Photo Credit: CBC News

U.S. implements floating pier to deliver aid to Gaza amid conflict

The United States has taken a significant humanitarian initiative by constructing a floating dock to deliver aid to the Gaza Strip, aiming to alleviate severe shortages of food, water, and medical supplies. Due to ongoing Israeli restrictions and heavy fighting, trucks with vital supplies used this newly built dock to enter Gaza for the first time on Friday. This effort was prompted by the humanitarian crisis following Hamas’ October 7 attack on Israel, which killed 1,200 people and captured 250 others. In response, Israel’s offensive has resulted in over 35,000 Palestinian deaths in Gaza, according to local health officials. Before the conflict, around 500 truckloads of aid reached Gaza daily, but this has been significantly disrupted by the violence.

U.S. military leaders plan to increase aid deliveries to potentially 150 truckloads daily. However, land-based aid remains crucial for meeting Gaza’s needs, and the floating dock is not intended to replace these routes. The U.S. Central Command emphasized that this operation is a multinational effort to provide humanitarian aid via a maritime corridor. The success of the operation is uncertain due to the risks of militant attacks, logistical challenges, and a worsening fuel crisis that hinders the distribution of aid within Gaza. Fuel deliveries via land routes have nearly stopped, complicating the transport of aid inside the enclave.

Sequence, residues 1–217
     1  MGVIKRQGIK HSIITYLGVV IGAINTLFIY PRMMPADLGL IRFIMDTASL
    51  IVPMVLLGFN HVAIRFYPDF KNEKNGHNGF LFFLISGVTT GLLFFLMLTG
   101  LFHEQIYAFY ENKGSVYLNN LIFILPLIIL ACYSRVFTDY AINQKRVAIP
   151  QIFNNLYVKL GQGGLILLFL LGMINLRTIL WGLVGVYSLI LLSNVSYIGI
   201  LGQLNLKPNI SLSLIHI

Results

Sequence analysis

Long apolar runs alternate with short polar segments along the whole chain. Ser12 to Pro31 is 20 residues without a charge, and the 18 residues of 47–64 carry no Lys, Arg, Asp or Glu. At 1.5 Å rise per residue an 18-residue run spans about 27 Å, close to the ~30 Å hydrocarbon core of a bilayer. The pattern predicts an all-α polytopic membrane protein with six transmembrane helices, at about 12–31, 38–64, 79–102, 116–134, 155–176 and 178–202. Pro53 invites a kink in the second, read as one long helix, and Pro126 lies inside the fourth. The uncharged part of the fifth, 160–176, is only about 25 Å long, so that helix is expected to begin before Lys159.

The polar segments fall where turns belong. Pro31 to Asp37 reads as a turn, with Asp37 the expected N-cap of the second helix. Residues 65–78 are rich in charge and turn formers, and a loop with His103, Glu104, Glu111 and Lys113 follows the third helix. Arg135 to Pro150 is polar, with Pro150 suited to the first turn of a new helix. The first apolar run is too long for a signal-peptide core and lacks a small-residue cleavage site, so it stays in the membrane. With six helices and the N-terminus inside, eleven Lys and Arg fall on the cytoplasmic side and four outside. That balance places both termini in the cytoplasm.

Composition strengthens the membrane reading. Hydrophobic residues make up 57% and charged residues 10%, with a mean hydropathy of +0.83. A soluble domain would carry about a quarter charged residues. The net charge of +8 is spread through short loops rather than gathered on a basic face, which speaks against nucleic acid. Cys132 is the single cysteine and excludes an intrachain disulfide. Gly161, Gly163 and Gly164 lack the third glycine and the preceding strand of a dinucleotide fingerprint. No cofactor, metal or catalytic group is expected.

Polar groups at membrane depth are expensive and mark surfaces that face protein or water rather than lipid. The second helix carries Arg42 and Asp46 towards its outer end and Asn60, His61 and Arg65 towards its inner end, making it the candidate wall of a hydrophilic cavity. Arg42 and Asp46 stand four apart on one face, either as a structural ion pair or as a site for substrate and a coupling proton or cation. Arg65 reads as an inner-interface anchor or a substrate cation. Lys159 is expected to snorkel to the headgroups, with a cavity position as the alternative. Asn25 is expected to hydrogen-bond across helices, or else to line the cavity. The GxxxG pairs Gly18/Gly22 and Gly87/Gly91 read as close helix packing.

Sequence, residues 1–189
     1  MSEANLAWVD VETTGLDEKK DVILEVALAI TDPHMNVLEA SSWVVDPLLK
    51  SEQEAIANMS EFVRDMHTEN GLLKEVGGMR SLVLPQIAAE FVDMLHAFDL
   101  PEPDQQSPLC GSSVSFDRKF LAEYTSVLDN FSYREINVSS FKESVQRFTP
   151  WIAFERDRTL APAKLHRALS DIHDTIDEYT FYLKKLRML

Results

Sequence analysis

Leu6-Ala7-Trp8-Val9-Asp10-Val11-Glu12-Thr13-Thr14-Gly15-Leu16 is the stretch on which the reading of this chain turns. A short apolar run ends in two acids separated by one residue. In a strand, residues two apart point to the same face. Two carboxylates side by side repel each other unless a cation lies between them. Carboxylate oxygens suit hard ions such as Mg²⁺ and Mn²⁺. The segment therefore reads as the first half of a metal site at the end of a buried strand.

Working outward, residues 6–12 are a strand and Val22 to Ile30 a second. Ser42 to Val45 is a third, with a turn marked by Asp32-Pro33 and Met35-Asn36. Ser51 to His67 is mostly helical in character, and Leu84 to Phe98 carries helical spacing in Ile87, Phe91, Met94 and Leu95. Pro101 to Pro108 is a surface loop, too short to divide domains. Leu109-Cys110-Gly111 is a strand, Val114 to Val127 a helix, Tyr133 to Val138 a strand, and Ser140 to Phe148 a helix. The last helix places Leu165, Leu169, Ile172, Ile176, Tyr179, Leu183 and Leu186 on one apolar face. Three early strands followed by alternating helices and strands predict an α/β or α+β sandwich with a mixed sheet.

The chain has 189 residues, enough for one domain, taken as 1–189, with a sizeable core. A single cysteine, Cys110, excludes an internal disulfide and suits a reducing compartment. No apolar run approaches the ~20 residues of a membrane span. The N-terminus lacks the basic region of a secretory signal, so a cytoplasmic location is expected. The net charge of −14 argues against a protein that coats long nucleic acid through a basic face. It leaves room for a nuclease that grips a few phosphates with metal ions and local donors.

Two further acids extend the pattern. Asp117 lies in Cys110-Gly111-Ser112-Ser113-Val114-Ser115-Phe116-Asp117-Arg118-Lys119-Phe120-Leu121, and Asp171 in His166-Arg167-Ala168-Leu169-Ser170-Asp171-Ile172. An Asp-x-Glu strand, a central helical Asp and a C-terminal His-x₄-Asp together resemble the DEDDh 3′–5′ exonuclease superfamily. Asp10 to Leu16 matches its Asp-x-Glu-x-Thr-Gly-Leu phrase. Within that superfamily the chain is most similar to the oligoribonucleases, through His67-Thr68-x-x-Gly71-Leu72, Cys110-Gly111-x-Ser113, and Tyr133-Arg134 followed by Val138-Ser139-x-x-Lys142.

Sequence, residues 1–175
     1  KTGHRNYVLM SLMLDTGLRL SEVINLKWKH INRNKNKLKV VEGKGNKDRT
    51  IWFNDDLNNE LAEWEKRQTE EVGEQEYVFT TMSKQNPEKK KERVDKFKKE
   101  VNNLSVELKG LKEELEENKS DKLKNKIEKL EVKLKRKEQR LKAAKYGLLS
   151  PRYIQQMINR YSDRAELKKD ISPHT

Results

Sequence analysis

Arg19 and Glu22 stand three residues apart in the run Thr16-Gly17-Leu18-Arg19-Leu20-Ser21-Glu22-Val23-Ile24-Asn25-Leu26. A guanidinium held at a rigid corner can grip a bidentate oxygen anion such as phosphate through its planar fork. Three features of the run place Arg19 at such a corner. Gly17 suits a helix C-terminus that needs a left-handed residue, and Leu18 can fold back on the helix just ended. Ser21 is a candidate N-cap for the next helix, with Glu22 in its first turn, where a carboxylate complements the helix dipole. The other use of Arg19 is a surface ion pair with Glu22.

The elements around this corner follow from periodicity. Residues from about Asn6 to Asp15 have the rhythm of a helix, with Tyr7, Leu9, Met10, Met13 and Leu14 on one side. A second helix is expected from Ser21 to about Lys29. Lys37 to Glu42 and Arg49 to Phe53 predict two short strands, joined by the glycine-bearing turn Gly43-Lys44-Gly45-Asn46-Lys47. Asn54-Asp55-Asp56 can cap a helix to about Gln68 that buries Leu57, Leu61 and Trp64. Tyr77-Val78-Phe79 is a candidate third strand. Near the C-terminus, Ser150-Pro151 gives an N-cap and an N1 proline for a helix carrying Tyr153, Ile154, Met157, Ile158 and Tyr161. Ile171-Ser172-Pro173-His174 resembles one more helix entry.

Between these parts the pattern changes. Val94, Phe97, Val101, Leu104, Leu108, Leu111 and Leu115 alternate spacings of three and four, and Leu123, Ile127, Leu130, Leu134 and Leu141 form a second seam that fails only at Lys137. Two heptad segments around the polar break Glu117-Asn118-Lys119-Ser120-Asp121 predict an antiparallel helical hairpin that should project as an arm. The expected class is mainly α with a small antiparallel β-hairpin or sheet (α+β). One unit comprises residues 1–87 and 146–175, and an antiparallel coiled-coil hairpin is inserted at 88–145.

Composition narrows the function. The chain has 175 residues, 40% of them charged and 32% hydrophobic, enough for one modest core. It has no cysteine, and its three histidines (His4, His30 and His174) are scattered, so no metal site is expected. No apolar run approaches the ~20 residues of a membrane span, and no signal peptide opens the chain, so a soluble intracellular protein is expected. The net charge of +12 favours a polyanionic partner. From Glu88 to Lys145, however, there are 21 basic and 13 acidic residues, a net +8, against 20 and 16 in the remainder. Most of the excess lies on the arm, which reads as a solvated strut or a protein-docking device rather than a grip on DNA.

Pentagon spokesperson Sabrina Singh highlighted that discussions about fuel supplies are ongoing in U.S. communications with Israeli officials. The plan involves gradually increasing aid deliveries via the maritime route as logistical issues are resolved. President Joe Biden authorized the $320 million floating dock project to ensure aid reaches those in need despite the difficulties. The initial shipment delivered nearly 500 tons of supplies, and the U.S. has coordinated with Israel to protect the ships and their crews.

Humanitarian groups have expressed concerns about the safety and effectiveness of distributing supplies within Gaza. The precarious security situation has previously resulted in the deaths of aid workers, including a recent incident involving World Central Kitchen. Pentagon officials will continuously monitor security conditions and may temporarily halt the maritime route if necessary. Vice Admiral Brad Cooper, deputy commander of the U.S. military’s Central Command, expressed confidence in the security measures in place.

Aid is collected and inspected in Cyprus before being transported approximately 200 kilometers to the floating dock off Gaza’s coast. Trucks then transfer the supplies to Army boats, which bring them ashore and return to the ships. This complex logistical operation underscores the joint efforts of multiple countries and humanitarian organizations to improve the dire situation in Gaza. 


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